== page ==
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I still believe the Reserve Bank will have scope to start with repo rate cuts early in the second half of this year, but the monetary policy outlook has become more complicated.

Where before I was concerned about the dramas brewing with respect to offshore rates — read: the US and its supercharged economy — local inflation dynamics also create reason for worry.

My date for the first cut remains the July meeting. By then elections, the cause of much angst in financial markets, will be in the rear-view mirror. Hopefully the market’s worst fears will not be realised.

At least one of the Group of Three (G3) central banks, most likely the European Central Bank, will have also started easing, giving the Reserve Bank comfort that lower rates can be tolerated by the markets. That said, my conviction around this view is being challenged, most recently by price developments in domestic services.

Movements in consumer inflation are typically dominated by price changes in food and fuel, which make up about a quarter of the basket. Because these components are volatile, mostly because they are influenced by the rand, they tend to dictate how volatile inflation is over time. The other three-quarters of the basket is made up by so called core inflation, which includes everything other than food and fuel.

The core part of the inflation basket comprises goods and services. Core goods are physical things you can buy, including clothes, vehicles and similar products. They make up just under 20% of the inflation basket. Goods are often imported in whole or in part, and prices here are heavily influenced by movements in the value of the rand.

Services make up 55% of the inflation basket. Core services inflation best illustrates the level of underlying inflation. This component moves slowly, and arguably captures price-setting behaviour outside supply shocks in the economy and the effectiveness of monetary policy over time.

Core services inflation ranged between 5% and 6% from 2011 to 2017. It fell to 3.2% in December 2019 before the Covid-19 crisis, reflective of a monetary policy committee (MPC) that pushed the 4.5% target narrative and acted accordingly, and very low growth in the years before the Covid-19 crisis.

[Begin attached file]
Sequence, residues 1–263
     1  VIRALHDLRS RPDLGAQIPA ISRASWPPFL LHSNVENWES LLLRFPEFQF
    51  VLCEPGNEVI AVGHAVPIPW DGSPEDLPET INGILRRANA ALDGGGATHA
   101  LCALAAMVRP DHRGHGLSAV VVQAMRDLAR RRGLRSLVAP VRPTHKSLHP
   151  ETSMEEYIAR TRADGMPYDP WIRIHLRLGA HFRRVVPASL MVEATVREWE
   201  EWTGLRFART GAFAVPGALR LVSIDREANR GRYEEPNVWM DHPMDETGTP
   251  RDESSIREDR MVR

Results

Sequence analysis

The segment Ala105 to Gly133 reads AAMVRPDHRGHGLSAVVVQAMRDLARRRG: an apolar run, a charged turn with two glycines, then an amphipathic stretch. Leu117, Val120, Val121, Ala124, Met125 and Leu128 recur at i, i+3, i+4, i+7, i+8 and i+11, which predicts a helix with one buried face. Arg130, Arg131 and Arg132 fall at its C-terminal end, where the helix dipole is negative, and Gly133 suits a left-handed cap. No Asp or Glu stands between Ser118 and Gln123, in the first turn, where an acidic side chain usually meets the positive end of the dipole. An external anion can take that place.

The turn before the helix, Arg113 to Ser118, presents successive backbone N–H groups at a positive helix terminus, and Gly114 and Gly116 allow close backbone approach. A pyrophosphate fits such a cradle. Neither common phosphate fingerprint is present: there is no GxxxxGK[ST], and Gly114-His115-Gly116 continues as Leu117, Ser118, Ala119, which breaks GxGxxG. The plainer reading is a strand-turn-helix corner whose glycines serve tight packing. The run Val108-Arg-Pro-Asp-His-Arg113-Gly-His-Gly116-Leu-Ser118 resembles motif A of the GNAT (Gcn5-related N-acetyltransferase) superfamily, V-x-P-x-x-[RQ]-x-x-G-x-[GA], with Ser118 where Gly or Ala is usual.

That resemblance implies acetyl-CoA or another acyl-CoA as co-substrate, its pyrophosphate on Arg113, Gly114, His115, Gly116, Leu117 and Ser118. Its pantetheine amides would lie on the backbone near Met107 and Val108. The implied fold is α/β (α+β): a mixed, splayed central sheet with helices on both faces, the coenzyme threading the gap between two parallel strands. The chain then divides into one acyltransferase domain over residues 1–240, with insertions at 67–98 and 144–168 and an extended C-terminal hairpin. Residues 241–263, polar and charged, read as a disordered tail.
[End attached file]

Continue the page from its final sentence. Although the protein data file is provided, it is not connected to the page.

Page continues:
This measure plummeted to an unprecedented 2.3% during the Covid-19 slump, before rising to 5% during the inflation heyday of 2022. As economic activity slowed and the Bank hiked rates, core services cooled to 4.1%.

Core services inflation appears to have rebounded in recent months, driven by a recovery in rentals inflation, which is not yet at pre-Covid levels, and medical aid inflation, which spiked to 8.4% in February. A rebound in this subset of prices, which make up more than half of the inflation basket, bears close watching.

In theory, price setting should be influenced by underlying demand conditions, and inflation should be responsive to the strength of the economy. Central banks rely on this as an important monetary policy transmission channel. However, not every product or service is price sensitive. Healthcare is such a product. People will not stop spending on medical aid, even if it is expensive, when there are no alternative ways to access quality healthcare.

The other sticky part of the inflation basket is administered price inflation, which covers products whose prices are set by regulators, including municipal rates. These prices are insensitive to market forces and inflation here is now at about 8.4%.

The relative stickiness of prices that are unresponsive to consumer demand — and thus arguably monetary policy — could tie the MPC’s hand when the next policy decision has to be made.

• Lijane is global markets strategist at Standard Bank CIB.

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